There came a time in my life when I had to say good-bye. To let go. It was not a choice I was ready to make, but a choice that had been made for me. It was time to leave the stage and the only life I had ever truly known.
It happened when I was 23 years old, just months away from a promotion, rehearsing for the role of “Helena” from George Balanchine’s™ A Midsummer Night’s Dream. I felt on top of my game (and the universe for that matter). I landed from a simple jump – one I had done daily and for years – and heard it. A ghastly SNAP!
I had torn my anterior cruciate ligament in my left knee and needed reconstructive surgery and a year off from ballet. I was heartbroken, but that was only the beginning. I needed two more surgeries, had a ton of unanswered questions, and was heading toward an unwanted, forced retirement. To help me get through the hurdles and the physical and emotional hurt, I chose to write.
Here’s one of the passages I wrote titled “My Last Day.” It’s about my career-ending injury and unexpected retirement. When I wrote this, I had just begun college. The reality had set in that this IS my ‘new’ life, and I was very much mourning the loss of my ‘old’ life. You could definitely say that I wasn’t in a very optimistic state of mind.
My Last Day
I can’t really communicate how awful it was and how it makes me feel today, but I do know that it was and still is tragic in my eyes. Having to leave the ballet stage before I was ready has changed my life in so many ways, some good and some bad. Without the rigor of daily class and hours of rehearsal, it’s nice for the first time ever to live my life in less physical pain, which makes things a bit more bearable. Given the choice though, I would have chosen to continue dancing rather than be ejected from my own life into what seems like someone else’s.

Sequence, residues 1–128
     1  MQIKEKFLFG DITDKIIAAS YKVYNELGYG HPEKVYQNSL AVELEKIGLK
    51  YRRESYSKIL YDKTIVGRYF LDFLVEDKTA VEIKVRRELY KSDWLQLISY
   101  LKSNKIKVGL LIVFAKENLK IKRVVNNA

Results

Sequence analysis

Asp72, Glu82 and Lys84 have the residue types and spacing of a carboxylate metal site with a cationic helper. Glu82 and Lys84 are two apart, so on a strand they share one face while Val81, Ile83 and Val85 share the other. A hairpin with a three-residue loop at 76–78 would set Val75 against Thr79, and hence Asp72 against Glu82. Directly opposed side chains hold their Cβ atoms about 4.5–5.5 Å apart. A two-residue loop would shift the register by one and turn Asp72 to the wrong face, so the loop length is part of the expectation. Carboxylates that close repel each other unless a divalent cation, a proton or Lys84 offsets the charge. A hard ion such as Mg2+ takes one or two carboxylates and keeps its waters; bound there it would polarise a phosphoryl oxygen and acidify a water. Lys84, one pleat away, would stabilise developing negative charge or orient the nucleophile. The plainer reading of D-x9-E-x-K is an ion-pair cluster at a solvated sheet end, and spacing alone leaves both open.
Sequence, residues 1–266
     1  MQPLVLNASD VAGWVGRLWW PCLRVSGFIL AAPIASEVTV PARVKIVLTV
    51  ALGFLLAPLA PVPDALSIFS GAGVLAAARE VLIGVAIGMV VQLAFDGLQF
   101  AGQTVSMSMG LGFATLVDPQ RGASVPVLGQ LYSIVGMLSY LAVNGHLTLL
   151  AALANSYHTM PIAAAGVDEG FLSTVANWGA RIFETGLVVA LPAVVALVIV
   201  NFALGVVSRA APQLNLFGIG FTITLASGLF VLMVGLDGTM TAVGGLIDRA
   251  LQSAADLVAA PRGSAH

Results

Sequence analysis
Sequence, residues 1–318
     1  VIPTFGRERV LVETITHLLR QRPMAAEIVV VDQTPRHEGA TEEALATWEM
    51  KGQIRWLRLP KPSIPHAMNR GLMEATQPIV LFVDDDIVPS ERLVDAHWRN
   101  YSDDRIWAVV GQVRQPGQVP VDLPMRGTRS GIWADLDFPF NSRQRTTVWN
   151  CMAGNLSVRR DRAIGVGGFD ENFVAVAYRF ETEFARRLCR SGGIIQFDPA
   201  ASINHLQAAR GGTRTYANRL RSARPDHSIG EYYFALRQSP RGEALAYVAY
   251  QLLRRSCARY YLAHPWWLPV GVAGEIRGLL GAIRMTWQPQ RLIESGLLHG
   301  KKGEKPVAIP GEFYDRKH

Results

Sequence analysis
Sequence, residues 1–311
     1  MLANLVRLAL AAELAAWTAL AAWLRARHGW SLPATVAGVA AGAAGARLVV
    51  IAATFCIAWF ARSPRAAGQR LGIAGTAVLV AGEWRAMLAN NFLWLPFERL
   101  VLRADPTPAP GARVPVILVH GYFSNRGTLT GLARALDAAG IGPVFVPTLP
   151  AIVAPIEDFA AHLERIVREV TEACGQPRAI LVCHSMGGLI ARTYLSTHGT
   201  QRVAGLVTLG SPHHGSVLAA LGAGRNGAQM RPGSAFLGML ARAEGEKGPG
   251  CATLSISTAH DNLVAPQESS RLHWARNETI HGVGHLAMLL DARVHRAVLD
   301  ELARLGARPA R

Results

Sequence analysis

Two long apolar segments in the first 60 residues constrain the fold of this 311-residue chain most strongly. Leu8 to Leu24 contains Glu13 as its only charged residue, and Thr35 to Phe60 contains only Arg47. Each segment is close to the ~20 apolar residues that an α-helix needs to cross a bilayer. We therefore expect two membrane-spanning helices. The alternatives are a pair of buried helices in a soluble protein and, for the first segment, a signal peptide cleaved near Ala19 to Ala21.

The positive aspect is the fact that I was forced to deal with the inevitability of retirement at such a young age, when I was still marketable. I am a firm believer that everything happens for a reason, and I am still waiting for the reason of my accident. Will I ever really know? Someday I do hope to understand why.
Dance was my life – the life I had known since I was 7 years old. I sometimes compare dance to my air and water and how at times I feel as if I could suffocate at any given moment not having it. Dance was something that I was proud to do, something that I loved to hate, and yet, always loved. It is so beautiful, and gave me such satisfaction.
In the grand scheme of life, I do realize how minor this situation is and I’m thankful everyday for what I do have and for all that has not gone wrong. For what I know and have experienced up to date, this occurrence has been monumental in both positive and negative ways. I do know that life will go on. I am pleased to have experienced and met dance and been a professional dancer, but my life will truly never be that good ever, ever again.
Okay. Now back to the present. That was a hard time in my life, and I don’t want to leave you, our reader, wondering, “Does she still feel that life will never be that good again?” With the encouragement of family and friends and a new focus, I took steps away from the stage to earn a fashion marketing degree and then work as an assistant buyer of women’s and junior clothing for Macy’s. One of the best things I’ve learned is that re-inventing yourself is okay. A bit scary? Yes, but it can be wonderfully exciting as well! Life is, indeed, good.
How about you? Are you sensing your time on stage is inching to an end? Or, maybe your last day has already come and gone. How have you moved on? Let’s talk.